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Montenegro strategy

Strategy (259KB - PDF)

Local language translation (600KB - PDF)

Report on the invitation to the public to comment (87KB - PDF)

 

Montenegro is committed to and applying the principles of multiparty democracy, pluralism and market economics in accordance with the conditions specified in Article 1 of the Agreement Establishing the Bank.

Montenegro has made steady progress on key reforms geared towards integration into the European Union. Since the adoption of the previous Strategy Montenegro obtained formal status of an EU candidate country and opened EU accession negotiations in June 2012. Efforts towards EU approximation remain the main external anchor for comprehensive reforms and progress on this front should buoy economic growth prospects in the medium term.

As a small, open economy Montenegro has been strongly affected by the global financial crisis and volatility in the Eurozone. Following a severe recession in 2009, the economy grew by 2.5 per cent and 3.2 per cent in 2010 and 2011 respectively due to strong growth in exports, recovering domestic consumption and a boost from the tourism sector. Over the past year, however, economic performance weakened considerably as both external and domestic demand deteriorated. Exports fell by nearly 20 per cent year-on-year in 2012.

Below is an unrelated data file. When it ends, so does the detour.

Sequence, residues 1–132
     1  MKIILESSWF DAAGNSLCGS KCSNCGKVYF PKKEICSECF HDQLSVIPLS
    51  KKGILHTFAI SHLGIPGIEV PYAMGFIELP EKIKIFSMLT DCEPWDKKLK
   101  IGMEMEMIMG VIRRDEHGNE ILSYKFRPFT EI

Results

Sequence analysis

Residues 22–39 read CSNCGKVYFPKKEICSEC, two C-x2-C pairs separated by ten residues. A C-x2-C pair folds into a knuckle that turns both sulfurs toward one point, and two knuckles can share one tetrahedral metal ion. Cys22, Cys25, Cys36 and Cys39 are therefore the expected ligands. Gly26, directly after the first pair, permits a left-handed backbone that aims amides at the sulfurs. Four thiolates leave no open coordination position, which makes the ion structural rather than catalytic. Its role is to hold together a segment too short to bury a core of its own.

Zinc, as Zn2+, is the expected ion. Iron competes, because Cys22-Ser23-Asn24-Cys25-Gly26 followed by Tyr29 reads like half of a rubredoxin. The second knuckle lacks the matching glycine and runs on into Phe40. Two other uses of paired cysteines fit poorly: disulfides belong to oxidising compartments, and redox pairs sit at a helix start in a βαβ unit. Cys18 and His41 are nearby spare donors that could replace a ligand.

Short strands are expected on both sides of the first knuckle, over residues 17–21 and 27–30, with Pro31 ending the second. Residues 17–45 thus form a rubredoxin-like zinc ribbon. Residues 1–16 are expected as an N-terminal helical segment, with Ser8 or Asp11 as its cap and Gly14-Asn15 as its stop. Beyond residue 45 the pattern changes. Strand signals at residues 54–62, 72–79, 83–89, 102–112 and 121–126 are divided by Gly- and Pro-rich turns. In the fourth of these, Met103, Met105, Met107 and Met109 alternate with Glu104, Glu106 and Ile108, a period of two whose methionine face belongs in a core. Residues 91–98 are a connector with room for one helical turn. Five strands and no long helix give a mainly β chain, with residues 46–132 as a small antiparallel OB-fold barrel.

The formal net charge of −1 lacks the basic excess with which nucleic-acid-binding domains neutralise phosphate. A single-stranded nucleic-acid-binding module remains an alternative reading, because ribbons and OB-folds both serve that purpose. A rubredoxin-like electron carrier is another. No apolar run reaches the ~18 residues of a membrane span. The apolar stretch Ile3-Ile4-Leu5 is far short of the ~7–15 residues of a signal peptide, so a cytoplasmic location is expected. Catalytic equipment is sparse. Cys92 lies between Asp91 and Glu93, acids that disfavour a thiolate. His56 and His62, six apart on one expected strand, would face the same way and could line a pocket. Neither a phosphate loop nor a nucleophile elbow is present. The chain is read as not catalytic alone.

The real economy has been hit by the drying up of credit. Between 2006 and early 2008, before the onset of the crisis, Montenegro reported annual credit growth rates of over 100 per cent. Since then credit growth has been negative, and, as a result, private sector credit as a percentage of GDP fell from 69 per cent at the end of 2010 to 52 per cent of GDP at the end of 2012.

The business environment has improved overall in recent years, though challenges remain. It is becoming easier to start and run a business according to leading indicators, and the authorities have taken positive steps to ease access to credit and reduce the tax burden on businesses. However, administrative barriers – such as receiving licensing and permits – and infrastructure bottlenecks hamper the competitiveness of Montenegrin businesses according to survey findings.

 


Last updated 6 November 2013

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